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    If you are on the fence about dropping that kind of cash, look at synthetic or a make your own style. My first uq was an old sleeping bag rigged with shock cord and duct tape. My 2nd was an army surplus blanket and also didn't need sewing. They can be made from almost anything if you want to try it first.

  7. #7
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    Quote Originally Posted by dakotaross View Post
    Setting up a tarp isn't an optional item, right? Otherwise, yes, how you position it can complement your insulation system.

    Clothes are a funny one. Everything insulates, but its not always additive. Layers of clothing may capture more of your body moisture and while they might not be wet, they might not insulate as well as you might expect. They also retard the warmth of your body from increasing the temperature inside the volume of down in an UQ. Which do you think insulates better, 78 degree air in the quilt, or 50 degree air? That said, wearing a down jacket that is crushed on bottom certainly adds to your top insulation and arms.

    Underquilts aren't quite as bad as top quilts for making you too warm in milder weather. But, yes, during the summer you could get too hot from an UQ whereas the pad likely not. Though, the pad is also a vapor barrier which will trap your perspiration, whereas the quilt will breathe.

    Personally, I need about a 6 rated pad for 23 degrees. Also personally, I appreciate you using F.

    Are there some other euro options for UQs?
    Interesting about the clothes trapping the body moisture, I hadn't thought about that. I guess the easiest way, to see how far you can push the temperature is just trying it out .

    I know of two UQ manufactures in EU. We have UKHammocks and Cumulus in Poland.
    Cumulus has a 20 F UQ which runs at around $300 before shipping. Which can be seen here: http://sleepingbags-cumulus.eu/uk/ca...?gid=129&vid=1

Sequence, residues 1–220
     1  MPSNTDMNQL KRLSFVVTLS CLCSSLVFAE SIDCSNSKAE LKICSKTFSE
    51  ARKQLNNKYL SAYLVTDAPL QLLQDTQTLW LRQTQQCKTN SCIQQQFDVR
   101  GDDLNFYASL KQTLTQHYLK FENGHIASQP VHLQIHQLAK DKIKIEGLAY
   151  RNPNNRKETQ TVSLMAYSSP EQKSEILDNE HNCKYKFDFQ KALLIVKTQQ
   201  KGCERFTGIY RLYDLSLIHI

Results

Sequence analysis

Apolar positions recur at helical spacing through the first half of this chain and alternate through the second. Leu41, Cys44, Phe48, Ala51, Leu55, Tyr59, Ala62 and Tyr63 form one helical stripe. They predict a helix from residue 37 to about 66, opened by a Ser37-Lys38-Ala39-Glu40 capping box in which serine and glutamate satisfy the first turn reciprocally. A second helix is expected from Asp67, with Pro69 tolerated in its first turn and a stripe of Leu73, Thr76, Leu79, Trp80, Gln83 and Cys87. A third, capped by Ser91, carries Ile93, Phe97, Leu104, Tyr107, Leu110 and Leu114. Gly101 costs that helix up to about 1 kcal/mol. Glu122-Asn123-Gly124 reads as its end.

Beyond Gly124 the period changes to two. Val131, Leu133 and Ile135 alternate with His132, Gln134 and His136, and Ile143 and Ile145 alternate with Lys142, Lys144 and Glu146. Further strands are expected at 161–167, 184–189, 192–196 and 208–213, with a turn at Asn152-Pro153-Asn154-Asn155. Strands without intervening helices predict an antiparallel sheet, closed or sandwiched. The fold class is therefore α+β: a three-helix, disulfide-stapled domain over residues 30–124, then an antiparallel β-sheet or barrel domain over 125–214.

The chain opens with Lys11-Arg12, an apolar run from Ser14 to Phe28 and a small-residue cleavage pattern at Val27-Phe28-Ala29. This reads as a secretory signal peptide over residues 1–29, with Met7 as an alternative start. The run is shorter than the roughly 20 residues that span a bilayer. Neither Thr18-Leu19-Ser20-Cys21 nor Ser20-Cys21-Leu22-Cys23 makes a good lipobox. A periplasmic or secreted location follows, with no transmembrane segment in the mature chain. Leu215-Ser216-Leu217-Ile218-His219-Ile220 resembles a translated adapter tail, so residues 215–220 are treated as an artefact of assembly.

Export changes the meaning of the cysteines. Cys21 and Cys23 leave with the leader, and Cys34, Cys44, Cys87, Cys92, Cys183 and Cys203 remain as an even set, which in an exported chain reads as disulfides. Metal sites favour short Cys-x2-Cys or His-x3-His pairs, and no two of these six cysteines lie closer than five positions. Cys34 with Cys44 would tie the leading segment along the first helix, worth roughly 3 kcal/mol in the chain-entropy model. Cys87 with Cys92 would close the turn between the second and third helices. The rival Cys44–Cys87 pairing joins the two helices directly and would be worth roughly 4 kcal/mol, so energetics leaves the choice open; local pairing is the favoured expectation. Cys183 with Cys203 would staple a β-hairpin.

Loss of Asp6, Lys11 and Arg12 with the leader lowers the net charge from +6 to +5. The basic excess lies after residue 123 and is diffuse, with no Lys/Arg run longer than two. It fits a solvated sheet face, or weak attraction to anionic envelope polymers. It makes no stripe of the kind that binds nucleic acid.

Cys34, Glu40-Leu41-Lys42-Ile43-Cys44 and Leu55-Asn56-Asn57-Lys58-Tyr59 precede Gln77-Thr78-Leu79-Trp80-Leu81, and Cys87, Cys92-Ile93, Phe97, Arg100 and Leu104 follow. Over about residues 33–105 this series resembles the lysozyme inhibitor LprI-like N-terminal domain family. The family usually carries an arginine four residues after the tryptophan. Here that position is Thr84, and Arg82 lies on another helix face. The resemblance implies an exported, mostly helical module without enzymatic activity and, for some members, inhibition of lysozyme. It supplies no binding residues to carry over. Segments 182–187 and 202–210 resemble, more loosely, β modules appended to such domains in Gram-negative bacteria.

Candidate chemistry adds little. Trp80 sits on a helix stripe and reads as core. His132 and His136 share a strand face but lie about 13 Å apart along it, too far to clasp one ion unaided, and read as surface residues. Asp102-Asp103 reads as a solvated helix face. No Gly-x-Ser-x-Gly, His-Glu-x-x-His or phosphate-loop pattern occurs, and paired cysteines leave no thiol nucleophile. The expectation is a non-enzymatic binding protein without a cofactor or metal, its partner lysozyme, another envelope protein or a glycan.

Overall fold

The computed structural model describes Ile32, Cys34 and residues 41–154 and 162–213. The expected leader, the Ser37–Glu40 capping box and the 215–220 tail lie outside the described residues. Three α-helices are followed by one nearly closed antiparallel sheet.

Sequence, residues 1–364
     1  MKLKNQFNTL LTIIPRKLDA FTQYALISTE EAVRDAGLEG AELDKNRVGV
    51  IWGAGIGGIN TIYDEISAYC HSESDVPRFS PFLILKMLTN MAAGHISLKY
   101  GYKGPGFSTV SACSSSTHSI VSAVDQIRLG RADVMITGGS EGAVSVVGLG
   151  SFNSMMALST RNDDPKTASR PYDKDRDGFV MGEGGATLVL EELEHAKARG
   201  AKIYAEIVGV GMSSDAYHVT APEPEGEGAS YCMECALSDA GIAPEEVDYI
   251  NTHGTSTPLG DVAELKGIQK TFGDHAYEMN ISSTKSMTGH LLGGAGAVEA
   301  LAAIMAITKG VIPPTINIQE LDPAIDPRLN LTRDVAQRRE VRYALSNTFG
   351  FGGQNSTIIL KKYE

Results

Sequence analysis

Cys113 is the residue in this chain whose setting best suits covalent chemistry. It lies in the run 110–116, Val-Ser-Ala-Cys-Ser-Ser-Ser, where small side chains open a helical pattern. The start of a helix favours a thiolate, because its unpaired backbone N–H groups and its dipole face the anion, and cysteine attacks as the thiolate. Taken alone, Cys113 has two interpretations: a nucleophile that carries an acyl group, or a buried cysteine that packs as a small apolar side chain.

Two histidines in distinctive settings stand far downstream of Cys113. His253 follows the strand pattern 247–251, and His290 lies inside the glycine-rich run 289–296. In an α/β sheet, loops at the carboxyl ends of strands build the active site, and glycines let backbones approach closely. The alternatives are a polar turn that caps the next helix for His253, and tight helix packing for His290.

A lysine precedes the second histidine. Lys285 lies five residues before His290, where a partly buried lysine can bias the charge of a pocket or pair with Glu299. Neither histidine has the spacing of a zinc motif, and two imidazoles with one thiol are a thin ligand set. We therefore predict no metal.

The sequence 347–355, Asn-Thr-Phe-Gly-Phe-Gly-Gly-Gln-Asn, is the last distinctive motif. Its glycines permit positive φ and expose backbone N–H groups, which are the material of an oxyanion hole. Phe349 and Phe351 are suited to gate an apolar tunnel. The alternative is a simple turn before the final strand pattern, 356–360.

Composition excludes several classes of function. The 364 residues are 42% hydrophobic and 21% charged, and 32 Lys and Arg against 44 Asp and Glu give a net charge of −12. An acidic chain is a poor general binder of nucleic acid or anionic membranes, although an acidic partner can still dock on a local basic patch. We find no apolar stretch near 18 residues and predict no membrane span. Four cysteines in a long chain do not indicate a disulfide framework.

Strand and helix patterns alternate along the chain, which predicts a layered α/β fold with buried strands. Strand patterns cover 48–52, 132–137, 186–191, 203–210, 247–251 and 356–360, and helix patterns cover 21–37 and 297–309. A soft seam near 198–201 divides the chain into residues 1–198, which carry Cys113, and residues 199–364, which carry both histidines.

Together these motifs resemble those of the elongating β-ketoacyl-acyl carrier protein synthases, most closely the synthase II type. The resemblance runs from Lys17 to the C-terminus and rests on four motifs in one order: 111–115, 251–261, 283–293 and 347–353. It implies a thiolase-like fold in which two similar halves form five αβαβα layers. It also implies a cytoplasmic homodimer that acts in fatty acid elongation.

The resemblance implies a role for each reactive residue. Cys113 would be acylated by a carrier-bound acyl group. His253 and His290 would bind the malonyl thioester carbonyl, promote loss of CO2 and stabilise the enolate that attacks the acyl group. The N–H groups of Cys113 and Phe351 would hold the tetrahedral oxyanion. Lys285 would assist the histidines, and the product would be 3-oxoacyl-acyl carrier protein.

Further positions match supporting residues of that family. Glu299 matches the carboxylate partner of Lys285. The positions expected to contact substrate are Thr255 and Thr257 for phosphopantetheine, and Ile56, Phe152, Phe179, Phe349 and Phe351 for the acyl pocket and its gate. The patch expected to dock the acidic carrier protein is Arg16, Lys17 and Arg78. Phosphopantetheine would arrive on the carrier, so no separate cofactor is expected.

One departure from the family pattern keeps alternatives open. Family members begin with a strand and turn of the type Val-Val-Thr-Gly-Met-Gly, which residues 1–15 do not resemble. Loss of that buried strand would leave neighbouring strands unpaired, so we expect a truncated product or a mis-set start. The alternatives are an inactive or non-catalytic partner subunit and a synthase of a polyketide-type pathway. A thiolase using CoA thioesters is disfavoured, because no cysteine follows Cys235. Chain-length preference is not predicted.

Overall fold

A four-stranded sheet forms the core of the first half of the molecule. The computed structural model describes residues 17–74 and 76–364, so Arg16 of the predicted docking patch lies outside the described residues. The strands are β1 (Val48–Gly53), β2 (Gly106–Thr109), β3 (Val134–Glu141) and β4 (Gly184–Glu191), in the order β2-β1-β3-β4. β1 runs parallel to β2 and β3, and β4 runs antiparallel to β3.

I haven't heard too much about UKHammocks.

    Quote Originally Posted by rweb82 View Post
    In my experience, I've used my 20 underquilt when the lows were only in the low 70's (Farenheit). The underquilt did not make me too warm. Look at it this way, if you sleep on a 10" mattress in the comfort of your home (probably around 70F) and don't get too hot, then having 3-4" of insulation underneath you probably isn't going to make you too hot either. Having too much insulation on top will definitely make you too hot in warmer nights.

    As for layers of clothing under your top quilt, I've been completely warm with only a light/medium base layer and a pair of socks with my 20 top quilt with temps in the 20's. If it's pushing 0F, I will add a light fleece pullover. Although, I'm not totally convinced that I need to- it's just more of a precaution.

    My recommendation would be to try and sleep with as few layers as possible, but have additional items handy if needed. Then you will be able to see if adding layers of clothing really makes much of a difference.
    Thanks for the feedback, it seems like 20 F degrees is a good allround fit.

    Quote Originally Posted by Rex Clifton View Post
    A 20 degree underquilt should work well year-round, although you will be carrying more weight than needed in a the warmer months. If the 20 gets too warm, you could always vent by loosening the ends to let air pass between the hammock and the quilt. While the Wookie looks like a fine quilt, it’s main drawback is that it only works on Warbonnet hammocks. It’s pretty easy to set up a traditional underquilt, there are tons of YouTube videos on this. As far as the cost, that’s the price you pay for living in a social-democratic society.


    Sent from my iPhone using Tapatalk Pro
    Thanks, I am definitely leaning towards getting a 20 degree UQ by now. I will keep the the exclusivity in mind, when it comes to making my choice.

    Quote Originally Posted by chapinb View Post
    If you are on the fence about dropping that kind of cash, look at synthetic or a make your own style. My first uq was an old sleeping bag rigged with shock cord and duct tape. My 2nd was an army surplus blanket and also didn't need sewing. They can be made from almost anything if you want to try it first.
    Actually I have an old synthetic sleeping bag laying around. Is there any good guides to converting old sleeping bags to underquilts?

  8. #8
    all secure in sector 7 Shug's Avatar
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    Quote Originally Posted by SleepingGazelle View Post

    Actually I have an old synthetic sleeping bag laying around. Is there any good guides to converting old sleeping bags to underquilts?
    Here are some You Tube videos on the subject.........https://www.youtube.com/results?sear...+to+underquilt

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  9. #9

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    Theres a German reseller of US hammock gear that can help at least a little with import costs: http://www.shop-016.de/campinghammock-h136-Quilts.htm


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  10. #10
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    Im not sure there is any way to get around the import duties. I imagine it is, mostly, VAT, which is 25% in Denmark (yikes!).